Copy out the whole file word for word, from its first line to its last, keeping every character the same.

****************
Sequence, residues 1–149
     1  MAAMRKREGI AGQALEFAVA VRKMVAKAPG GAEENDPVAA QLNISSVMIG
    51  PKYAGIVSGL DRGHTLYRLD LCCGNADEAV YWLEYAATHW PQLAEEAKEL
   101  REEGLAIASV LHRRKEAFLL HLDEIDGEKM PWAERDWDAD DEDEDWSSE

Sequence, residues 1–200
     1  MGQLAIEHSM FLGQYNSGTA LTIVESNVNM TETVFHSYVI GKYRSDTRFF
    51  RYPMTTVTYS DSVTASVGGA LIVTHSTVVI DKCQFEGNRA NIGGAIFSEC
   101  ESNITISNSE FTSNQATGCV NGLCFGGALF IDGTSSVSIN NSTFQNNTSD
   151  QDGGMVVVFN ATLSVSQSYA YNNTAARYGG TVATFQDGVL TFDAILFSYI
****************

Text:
Sequence, residues 1–149
     1  MAAMRKREGI AGQALEFAVA VRKMVAKAPG GAEENDPVAA QLNISSVMIG
    51  PKYAGIVSGL DRGHTLYRLD LCCGNADEAV YWLEYAATHW PQLAEEAKEL
   101  REEGLAIASV LHRRKEAFLL HLDEIDGEKM PWAERDWDAD DEDEDWSSE

Sequence, residues 1–200
     1  MGQLAIEHSM FLGQYNSGTA LTIVESNVNM TETVFHSYVI GKYRSDTRFF
    51  RYPMTTVTYS DSVTASVGGA LIVTHSTVVI DKCQFEGNRA NIGGAIFSEC
   101  ESNITISNSE FTSNQATGCV NGLCFGGALF IDGTSSVSIN NSTFQNNTSD
   151  QDGGMVVVFN ATLSVSQSYA YNNTAARYGG TVATFQDGVL TFDAILFSYI